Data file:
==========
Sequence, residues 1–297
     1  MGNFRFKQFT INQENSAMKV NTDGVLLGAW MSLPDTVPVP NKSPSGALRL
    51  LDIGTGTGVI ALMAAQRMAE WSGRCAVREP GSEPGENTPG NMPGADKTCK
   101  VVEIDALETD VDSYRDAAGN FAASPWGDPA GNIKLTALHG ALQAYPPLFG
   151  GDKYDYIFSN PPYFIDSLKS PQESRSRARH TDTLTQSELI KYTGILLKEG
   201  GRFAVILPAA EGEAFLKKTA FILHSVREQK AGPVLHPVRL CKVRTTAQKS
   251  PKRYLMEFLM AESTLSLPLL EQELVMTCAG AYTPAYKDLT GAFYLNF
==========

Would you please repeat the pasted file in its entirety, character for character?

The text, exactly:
Sequence, residues 1–297
     1  MGNFRFKQFT INQENSAMKV NTDGVLLGAW MSLPDTVPVP NKSPSGALRL
    51  LDIGTGTGVI ALMAAQRMAE WSGRCAVREP GSEPGENTPG NMPGADKTCK
   101  VVEIDALETD VDSYRDAAGN FAASPWGDPA GNIKLTALHG ALQAYPPLFG
   151  GDKYDYIFSN PPYFIDSLKS PQESRSRARH TDTLTQSELI KYTGILLKEG
   201  GRFAVILPAA EGEAFLKKTA FILHSVREQK AGPVLHPVRL CKVRTTAQKS
   251  PKRYLMEFLM AESTLSLPLL EQELVMTCAG AYTPAYKDLT GAFYLNF